Driving is a privilege not a right…for humans and Google wants it for its self-driving cars. Google, however, is still in the test phasing for its self-driving cars and announced that they would publish results of the study on a monthly basis. They first report recently came out and it says that Google cars were in twelve accidents when they were on real roads. The Register takes a snarky, informative approach to self-driving cars in “Google: Our Self-Driving Cars Would Be Tip-Top If You Meatheads Didn’t Crash Into Them.”
Google has twenty-three Lexus SUVs that have driven 1,011,338 miles with the self-driving software and 796, 250 miles with a human behind the wheel. Many of the cars have taken to the real road, but nine are still restricted to the private track.
Google blames all twelve of the accidents on human error, not the software, and it is due to either the human driver in the autonomous car or the driver in the other car. The Google cars, being rear-ended from driving too slow, caused seven accidents. One accident was due to the Google car braking trying to avoid a collision and two more were when non-Google cars failed to obey traffic signs. The worst accident caused when a Google car was driving at 63 mph and was sideswiped by a car changing lanes. No one was hurt. The last two accidents were the fault of Google’s employees: both accidents resulted in Google cars rear-ending the cars in front of them.
Google is quick to point out the software’s positive aspects:
“The report also highlighted some of the smarter aspects of the cars’ software. Google cars can identify emergency vehicles, for example, and automatically give way in a fashion many fleshy drivers are irritatingly unwilling to do. The other example given was Google cars dealing with cyclists who didn’t obey the rules of the road. One cyclist veered in front of the car at night, and the software was clever enough to stop immediately to avoid a crash.”
Google will have its cars drive ten thousand miles a week on the software. A recent luxury car ad campaign was critical of the self-driving car, saying people want the luxury of driving themselves with all the benefits of said luxury car. It will be the TV vs. radio battle again, but the one thing holding back the self-driving car will be human error. Stupid, stupid humans.
Whitney Grace, July 2, 2015
June 25, 2015
In the highly anticipated SharePoint Server 2016, on-premises, cloud, and hybrid functionality are all emphasized. However, some are beginning to wonder if functionality can suffer based on the variety of deployment chosen. Read all the details in the Search Content Management article, “How Does the Cloud Limit SharePoint Search and Integration?”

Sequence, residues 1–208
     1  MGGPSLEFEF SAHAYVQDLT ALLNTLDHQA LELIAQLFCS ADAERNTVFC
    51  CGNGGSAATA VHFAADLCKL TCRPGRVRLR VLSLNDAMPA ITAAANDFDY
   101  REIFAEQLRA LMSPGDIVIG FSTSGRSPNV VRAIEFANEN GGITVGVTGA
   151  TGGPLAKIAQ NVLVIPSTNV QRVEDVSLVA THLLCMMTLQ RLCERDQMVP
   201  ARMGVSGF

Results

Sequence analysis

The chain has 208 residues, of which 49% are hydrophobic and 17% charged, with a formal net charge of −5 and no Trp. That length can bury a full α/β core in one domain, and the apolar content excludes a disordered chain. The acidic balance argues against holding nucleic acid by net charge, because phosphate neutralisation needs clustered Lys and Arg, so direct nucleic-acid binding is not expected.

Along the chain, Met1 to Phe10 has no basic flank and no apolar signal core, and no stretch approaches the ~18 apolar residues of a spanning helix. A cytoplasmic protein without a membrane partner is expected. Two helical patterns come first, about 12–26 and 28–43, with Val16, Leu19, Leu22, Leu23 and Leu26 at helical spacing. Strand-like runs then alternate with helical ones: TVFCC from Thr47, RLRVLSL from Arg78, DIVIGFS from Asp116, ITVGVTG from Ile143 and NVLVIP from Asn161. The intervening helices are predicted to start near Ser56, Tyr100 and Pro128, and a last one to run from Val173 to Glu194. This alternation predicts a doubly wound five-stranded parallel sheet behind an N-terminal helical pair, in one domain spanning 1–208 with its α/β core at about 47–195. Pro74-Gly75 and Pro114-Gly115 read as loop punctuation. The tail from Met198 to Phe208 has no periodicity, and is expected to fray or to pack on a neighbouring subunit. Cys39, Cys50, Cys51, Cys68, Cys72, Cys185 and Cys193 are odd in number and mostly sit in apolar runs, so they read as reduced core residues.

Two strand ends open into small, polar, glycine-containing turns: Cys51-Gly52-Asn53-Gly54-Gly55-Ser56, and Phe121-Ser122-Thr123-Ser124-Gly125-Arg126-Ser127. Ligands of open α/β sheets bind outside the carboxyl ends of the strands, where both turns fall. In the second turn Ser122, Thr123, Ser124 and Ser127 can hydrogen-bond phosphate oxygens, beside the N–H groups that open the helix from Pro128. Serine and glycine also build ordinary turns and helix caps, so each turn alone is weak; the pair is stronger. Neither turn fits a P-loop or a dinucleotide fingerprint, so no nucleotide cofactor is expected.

The article begins:
“All searches are not created equal, and tradeoffs remain for companies mulling deployment of the cloud, on-premises and hybrid versions of Microsoft’s collaboration platform, SharePoint. SharePoint on-premises has evolved over the years with a focus on customization and integration with other internal systems. That is not yet the case in the cloud with SharePoint Online, and there are still unique challenges for those who look to combine the two products with a hybrid approach.”
The article goes on to say that there are certain restrictions, especially with search customization, for the SharePoint Online deployment. Furthermore, a good amount of configuration is required to maximize search for the hybrid version. To keep up to date on how this might affect your organization, and the required workarounds, stay tuned to ArnoldIT.com. Stephen E. Arnold is longtime search professional, and his work on SharePoint is conveniently collocated in a dedicated feed to maximize efficiency.
Emily Rae Aldridge, June 25, 2015
Sponsored by ArnoldIT.com, publisher of the CyberOSINT monograph
June 22, 2015
Despite efforts to maintain an open Internet, malware seems to be pushing online explorers into walled gardens, akin the old AOL setup. The trend is illustrated by a story at PandoDaily, “Security Trumps Ideology as Google Closes Off its Chrome Platform.” Beginning this July, Chrome users will only be able to download extensions for that browser from the official Chrome Web Store. This change is on the heels of one made in March—apps submitted to Google’s Play Store must now pass a review. Extreme measures to combat an extreme problem with malicious software.
The company tried a middle-ground approach last year, when they imposed the our-store-only policy on all users except those using Chrome’s development build. The makers of malware, though, are adaptable creatures; they found a way to force users into the development channel, then slip in their pernicious extensions. Writer Nathanieo Mott welcomes the changes, given the realities:
“It’s hard to convince people that they should use open platforms that leave them vulnerable to attack. There are good reasons to support those platforms—like limiting the influence tech companies have on the world’s information and avoiding government backdoors—but those pale in comparison to everyday security concerns. Google seems to have realized this. The chaos of openness has been replaced by the order of closed-off systems, not because the company has abandoned its ideals, but because protecting consumers is more important than ideology.”
Better safe than sorry? Perhaps.
Cynthia Murrell, June 22, 2015